On Law.com, Margaret Schilt has Is the Future of Legal Scholarship in the Blogosphere?. Here is a taste:
Who are the bloggers? The uninitiated might think they would be young professors, those who have grown up with the Internet and are comfortable with self-publication in that format. While there are some of those, the legal blogosphere tends to be populated by midcareer professors who have tenure, are intimately familiar with traditional legal scholarship and see the Internet as a way to reach more readers in a less ritualized format.
Younger scholars, in contrast, debate whether blogging is worth the time taken away from traditional legal scholarship, still necessary for achieving tenure. Tung Yin and Christine Hurt, in an article called "Blogging While Untenured and Other Extreme Sports," write, "Conventional wisdom seems to warn that blogging may be a risky venture for those academic bloggers who have not been awarded tenure and the liberating academic freedom that comes with that award." You may inadvertently offend someone important, you may be -- gasp! -- wrong or you may simply be lured into spending too much time blogging and not enough time creating scholarship and knowledge in the more traditional forms. Blogging, in short, can be addictive. Regular posting to maintain the dialogue and interchange that leads to readership drains time from other pursuits.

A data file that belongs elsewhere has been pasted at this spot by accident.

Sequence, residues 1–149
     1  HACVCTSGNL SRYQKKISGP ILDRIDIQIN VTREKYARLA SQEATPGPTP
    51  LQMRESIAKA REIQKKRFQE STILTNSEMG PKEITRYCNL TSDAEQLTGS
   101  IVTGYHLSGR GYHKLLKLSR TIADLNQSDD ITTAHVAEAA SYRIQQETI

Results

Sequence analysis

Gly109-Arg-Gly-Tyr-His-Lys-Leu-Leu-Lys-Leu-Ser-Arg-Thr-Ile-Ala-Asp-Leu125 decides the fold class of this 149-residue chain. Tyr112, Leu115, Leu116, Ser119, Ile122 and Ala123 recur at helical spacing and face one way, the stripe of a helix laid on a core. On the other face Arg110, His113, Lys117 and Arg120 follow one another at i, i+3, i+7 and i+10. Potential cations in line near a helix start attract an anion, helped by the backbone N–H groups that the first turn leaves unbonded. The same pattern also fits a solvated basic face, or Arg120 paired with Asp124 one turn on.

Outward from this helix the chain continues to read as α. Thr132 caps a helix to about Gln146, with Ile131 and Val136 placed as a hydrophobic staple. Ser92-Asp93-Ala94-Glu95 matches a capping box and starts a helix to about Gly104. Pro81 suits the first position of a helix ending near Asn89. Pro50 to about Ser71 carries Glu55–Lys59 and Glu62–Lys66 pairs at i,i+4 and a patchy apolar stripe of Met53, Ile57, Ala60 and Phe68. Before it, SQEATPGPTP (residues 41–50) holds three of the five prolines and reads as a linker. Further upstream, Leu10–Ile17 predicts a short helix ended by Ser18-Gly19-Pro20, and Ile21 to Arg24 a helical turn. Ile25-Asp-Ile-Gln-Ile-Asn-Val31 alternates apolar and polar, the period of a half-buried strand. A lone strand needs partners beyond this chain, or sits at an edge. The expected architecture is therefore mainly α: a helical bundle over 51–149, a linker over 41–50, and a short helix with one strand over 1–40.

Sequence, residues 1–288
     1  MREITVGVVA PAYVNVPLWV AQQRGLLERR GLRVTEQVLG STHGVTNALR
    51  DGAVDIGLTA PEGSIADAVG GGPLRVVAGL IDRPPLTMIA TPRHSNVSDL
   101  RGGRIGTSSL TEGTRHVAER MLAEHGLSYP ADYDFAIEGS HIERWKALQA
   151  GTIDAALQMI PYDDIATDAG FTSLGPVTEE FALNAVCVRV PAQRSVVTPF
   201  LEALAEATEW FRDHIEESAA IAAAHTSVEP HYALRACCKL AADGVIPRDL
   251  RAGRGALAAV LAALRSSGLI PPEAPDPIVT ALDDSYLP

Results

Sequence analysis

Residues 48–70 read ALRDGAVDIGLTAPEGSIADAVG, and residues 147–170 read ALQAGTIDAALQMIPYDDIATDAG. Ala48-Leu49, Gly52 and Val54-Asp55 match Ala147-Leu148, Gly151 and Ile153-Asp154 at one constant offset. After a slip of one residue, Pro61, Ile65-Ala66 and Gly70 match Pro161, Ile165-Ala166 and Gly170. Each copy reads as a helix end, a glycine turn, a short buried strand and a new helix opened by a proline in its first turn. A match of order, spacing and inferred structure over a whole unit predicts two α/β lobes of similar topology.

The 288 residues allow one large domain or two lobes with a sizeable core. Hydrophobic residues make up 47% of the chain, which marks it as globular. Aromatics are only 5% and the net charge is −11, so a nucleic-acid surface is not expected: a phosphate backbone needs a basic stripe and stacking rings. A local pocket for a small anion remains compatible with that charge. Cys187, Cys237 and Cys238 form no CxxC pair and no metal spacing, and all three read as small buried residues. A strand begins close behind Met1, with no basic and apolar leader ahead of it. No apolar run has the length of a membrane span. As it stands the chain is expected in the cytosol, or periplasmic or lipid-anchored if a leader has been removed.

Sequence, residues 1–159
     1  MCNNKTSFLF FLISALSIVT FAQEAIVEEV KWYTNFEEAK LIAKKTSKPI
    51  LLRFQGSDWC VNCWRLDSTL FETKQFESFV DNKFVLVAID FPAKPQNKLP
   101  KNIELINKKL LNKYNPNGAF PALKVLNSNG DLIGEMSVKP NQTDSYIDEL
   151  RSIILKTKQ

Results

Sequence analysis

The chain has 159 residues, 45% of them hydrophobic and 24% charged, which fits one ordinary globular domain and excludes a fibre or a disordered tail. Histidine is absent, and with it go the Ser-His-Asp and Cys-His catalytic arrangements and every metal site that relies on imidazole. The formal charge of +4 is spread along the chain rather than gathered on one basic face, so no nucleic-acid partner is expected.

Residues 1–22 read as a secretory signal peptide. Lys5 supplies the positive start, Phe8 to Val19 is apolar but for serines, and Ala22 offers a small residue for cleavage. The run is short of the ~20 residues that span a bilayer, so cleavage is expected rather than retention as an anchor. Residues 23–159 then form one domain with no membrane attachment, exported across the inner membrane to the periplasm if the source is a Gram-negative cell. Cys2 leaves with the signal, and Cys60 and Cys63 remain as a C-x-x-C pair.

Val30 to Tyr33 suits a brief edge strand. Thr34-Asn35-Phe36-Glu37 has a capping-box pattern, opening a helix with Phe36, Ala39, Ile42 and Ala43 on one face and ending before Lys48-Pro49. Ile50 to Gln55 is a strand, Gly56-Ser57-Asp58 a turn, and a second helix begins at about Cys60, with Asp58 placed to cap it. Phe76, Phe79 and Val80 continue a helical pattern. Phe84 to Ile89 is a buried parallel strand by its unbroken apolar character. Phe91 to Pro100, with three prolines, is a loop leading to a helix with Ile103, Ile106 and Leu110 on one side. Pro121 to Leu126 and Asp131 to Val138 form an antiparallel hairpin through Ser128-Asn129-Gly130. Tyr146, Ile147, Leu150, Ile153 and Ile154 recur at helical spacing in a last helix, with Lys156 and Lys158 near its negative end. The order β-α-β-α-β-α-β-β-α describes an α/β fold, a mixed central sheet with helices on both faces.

Why, then, spend the time? One answer is that a blog reaches far more readers than traditional scholarship. Eugene Volokh said in 2006 that his blog gets about 20,000 unique visitors a day. Readers of traditional law review articles are not counted, but, he says, he's pretty sure that number is very far from 20,000.